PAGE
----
The Adventures of Tom Sawyer is available for purchase on Amazon.


This Google Map marks all the locations of the fictional books that were read as part of this series. If you have any recommendations for new books to read, please send me your recommendations!

Alejandro Serrano Saunders2020/10/25

Worldwide Fictional Travel #1 (Canada) - Moon of the Crusted Snow by Waubgeshig Rice

How can we travel to other places without leaving our homes? Worldwide Fictional Travel is an escape I use to learn about the world, by reading books of fiction based in different locations; stories told from all corners of the globe. I built this map from Google Maps to mark all the physical locations where each of these books were located in. The goal? To learn about the world through empathy, and perhaps to read one from every country.


---


Close your eyes and picture in your head what you think the apocalypse will look like. What did you see? Zombies? Another global pandemic? An asteroid hurtling towards Earth?

Moon of the Crusted Snow is based in a fictional Anishinaabe reserve in Northern Ontario, Canada.

Waubgeshig Rice pictures it a little differently, from his own perspective as an Anishinaabe writer and novelist. Rice sets this dystopian thriller in an indigenous reserve located in Northern Ontario belonging to an Anishinaabe tribe; specifically, one which is more technologically sophisticated than the cliche versions which we tend to see on TV. The protagonist, Evan Whitesky, is an everyman character who finds himself with one foot in the past (trying to connect with his Anishinaabe roots through traditional hunting rituals, language and storytelling) and one foot in the present (often returning to his wife at home to find her watching sitcoms on a flatscreen TV monitor).

A question we should ask ourselves, however, is exactly what kind of "present" does Evan live in? The novel draws attention to many of the technological advancements which the white man brought to the reserve which Evan and his small community all live in. Some have improved the lives of its members, while others have caused them to lose touch with the traditional ways. We see this first hand when the electricity which powers the entire reserve is cut off, leading its people to panic in a fall which is rapidly approaching a seemingly harsh winter. When the supply-chains which the community has grown reliant on are cut off, many realise that they are unable to hunt or collect the firewood necessary to support themselves.

I feel inclined to say that this community is one which finds itself in "transition", but upon completing the book I realised that this is far from the case. Rice does a great job of painting the reserve as one which tries to reflect the lives of modern Anishinaabe living in Canada. They talk about Hockey and listen to a varied array of musical genres while driving diesel-powered four-wheel drives. There is no case of past and future, the tribe just is. For someone who was keen to read this book to learn more about First Nations in Canada, I'm pleased to have come away with many shattered notions of indigenous life in the 21st century.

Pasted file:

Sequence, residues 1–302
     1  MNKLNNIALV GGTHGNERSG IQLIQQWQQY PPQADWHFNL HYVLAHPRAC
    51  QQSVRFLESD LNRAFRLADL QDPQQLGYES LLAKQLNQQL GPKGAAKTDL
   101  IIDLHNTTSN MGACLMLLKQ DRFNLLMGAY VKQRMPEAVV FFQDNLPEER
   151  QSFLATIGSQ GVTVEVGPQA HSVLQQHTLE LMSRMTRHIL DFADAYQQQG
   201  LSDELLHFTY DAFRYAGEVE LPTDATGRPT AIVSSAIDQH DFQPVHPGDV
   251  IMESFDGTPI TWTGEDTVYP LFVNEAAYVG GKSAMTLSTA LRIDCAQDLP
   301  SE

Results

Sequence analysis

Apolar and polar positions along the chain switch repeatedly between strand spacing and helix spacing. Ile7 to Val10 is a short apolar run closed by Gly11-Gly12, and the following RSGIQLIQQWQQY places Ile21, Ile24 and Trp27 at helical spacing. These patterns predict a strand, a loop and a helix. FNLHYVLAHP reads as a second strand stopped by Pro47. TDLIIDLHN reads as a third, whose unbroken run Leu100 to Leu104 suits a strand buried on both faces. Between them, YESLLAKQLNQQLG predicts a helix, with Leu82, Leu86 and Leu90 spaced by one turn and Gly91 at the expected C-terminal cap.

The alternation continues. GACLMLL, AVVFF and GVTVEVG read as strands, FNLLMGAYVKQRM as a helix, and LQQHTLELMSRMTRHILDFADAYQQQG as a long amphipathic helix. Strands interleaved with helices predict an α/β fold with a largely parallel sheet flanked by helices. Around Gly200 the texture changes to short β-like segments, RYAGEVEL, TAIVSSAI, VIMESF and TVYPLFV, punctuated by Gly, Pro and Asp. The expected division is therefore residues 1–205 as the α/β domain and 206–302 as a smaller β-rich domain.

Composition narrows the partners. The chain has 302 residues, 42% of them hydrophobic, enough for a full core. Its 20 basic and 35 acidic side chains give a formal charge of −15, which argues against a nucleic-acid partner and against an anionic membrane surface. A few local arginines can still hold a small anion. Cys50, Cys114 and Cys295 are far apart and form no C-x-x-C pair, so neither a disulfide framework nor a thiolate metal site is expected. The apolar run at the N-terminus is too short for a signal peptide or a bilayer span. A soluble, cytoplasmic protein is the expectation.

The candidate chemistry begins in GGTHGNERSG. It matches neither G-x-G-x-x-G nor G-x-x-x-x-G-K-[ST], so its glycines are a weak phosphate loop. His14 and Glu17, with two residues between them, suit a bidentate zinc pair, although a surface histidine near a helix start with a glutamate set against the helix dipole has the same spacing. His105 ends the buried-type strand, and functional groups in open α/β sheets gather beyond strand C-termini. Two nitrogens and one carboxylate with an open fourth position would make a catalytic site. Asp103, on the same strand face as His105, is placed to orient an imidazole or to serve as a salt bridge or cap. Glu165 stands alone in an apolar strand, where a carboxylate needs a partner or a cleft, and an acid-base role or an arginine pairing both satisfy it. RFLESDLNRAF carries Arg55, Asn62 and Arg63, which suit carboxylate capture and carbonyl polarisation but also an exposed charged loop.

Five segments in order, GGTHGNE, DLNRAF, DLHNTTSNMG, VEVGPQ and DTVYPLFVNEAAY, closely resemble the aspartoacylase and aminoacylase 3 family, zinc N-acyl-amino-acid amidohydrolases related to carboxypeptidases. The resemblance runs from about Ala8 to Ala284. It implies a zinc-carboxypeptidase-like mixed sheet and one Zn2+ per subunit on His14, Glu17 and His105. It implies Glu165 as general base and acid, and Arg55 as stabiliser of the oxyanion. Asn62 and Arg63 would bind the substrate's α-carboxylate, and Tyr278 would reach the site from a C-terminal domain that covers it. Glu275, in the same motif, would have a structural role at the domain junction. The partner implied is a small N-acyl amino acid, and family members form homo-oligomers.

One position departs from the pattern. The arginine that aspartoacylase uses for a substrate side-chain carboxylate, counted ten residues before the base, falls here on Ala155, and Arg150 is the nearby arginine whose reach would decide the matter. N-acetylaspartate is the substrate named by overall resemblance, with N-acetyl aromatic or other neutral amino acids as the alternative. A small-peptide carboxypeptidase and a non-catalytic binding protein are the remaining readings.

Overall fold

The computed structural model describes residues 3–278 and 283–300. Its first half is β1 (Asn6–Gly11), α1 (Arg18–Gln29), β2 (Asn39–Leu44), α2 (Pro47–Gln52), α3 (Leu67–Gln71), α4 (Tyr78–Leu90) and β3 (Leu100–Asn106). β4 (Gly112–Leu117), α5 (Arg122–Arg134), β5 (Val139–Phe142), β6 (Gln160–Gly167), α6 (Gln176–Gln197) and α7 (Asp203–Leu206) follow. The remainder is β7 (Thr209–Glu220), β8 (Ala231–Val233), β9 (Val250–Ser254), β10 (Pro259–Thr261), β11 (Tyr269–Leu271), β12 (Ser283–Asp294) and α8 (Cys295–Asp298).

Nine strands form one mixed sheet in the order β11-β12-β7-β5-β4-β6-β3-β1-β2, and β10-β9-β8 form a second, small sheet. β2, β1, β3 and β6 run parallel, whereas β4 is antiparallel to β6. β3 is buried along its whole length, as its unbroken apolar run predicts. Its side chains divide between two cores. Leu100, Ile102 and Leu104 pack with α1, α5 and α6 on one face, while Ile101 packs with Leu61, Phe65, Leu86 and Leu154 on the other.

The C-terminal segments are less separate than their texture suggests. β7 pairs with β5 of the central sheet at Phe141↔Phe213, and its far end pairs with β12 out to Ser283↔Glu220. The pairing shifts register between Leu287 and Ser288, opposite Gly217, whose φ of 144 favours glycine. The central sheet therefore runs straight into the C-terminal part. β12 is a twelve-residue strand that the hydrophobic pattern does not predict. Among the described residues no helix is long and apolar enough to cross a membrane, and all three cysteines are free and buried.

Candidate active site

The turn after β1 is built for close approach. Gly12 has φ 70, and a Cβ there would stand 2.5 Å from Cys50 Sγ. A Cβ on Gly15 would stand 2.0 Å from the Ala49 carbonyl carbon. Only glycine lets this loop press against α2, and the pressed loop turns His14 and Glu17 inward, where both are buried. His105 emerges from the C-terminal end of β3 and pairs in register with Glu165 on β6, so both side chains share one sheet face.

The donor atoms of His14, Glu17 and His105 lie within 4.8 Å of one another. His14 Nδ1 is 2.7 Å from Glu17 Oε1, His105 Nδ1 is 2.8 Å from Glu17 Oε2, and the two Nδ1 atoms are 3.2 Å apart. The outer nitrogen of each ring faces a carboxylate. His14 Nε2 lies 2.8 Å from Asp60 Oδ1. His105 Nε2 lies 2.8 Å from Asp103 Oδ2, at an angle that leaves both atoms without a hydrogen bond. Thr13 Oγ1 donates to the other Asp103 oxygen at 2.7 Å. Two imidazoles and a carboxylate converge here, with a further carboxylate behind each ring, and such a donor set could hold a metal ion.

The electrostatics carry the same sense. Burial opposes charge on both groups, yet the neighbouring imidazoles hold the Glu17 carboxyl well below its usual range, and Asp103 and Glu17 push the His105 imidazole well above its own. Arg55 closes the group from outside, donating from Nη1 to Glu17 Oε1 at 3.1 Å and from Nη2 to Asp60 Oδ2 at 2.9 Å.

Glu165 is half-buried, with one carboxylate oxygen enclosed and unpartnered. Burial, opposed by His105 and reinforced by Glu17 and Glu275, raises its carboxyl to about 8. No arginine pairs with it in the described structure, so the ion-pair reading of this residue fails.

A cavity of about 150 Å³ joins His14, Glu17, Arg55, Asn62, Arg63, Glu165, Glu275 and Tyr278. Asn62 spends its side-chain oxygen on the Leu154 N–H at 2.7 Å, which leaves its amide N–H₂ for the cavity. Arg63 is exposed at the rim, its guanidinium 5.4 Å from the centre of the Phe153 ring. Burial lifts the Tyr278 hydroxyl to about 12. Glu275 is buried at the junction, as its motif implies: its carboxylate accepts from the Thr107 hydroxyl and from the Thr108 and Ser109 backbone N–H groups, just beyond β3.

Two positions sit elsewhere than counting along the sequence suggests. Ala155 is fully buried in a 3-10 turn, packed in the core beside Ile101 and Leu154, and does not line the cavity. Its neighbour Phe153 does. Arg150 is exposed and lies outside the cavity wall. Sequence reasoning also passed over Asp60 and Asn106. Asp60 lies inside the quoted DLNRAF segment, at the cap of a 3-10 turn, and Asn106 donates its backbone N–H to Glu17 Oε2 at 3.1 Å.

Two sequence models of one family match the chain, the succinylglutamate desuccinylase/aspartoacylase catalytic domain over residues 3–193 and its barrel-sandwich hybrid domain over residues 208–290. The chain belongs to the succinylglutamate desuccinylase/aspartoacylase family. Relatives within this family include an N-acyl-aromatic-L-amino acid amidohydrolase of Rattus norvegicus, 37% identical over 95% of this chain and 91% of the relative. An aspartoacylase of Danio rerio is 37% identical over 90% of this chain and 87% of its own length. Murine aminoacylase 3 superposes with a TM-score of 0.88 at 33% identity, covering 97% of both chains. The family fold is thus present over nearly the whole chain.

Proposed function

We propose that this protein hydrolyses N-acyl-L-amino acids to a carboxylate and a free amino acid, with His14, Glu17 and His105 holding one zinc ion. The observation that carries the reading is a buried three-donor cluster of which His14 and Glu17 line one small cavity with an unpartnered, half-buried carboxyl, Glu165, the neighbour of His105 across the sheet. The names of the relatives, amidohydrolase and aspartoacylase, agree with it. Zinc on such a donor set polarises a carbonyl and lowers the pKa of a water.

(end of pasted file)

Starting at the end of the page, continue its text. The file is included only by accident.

Digression aside, what I think is important to recognise, is the context. An unforgiving winter where the community has no power and limited options to hunt marks a dystopian apocalypse for the reserve. For others living in the West, this might sound bad, but not bad enough to be categorised as a disaster. The reserve certainly feels its disastrous effects, however, as they struggle with the many challenges this throws in their way. Their way of life, values and humanity are all tested as winter approaches, revealing how this Anishinaabe tribe responds to such challenges.

Without revealing too much, I think that the strongest theme of this book is certainly that of the cause-and-effect relationship of struggle and resilience. The Anishinaabe as people have faced hardships as Southerners have tried to oppress them in the past, including a ban on their language and the theft of their land. Nevertheless, they continue to survive, though their limits are tested amidst this harsh winter. This is encapsulated by the reserve's response to a white refugee named Justin Scott who asks to join their community.

In summary, the book is very hard to put down. It's as gripping as it is educational. There are a few things in particular which Rice comments on in this book which I really enjoyed; love in small communities, homesickness when entering a world so different to that of your own, the epidemiology of suicides, alcohol and drug abuse, trust in white southerners, the scarring legacy of residential schools and the oppression of Ojibwe language.

If you have six hours on a cold snowy day and want to feel something different as you sit comfortably on a warm sofa seat in a well-lit living room, I couldn't recommend this book more.

Moon of the Crusted Snow is available for purchase on Amazon.


This Google Map marks all the locations of the fictional books that were read as part of this series. If you have any recommendations for new books to read, please send me your recommendations!

Server IP: 54.177.117.207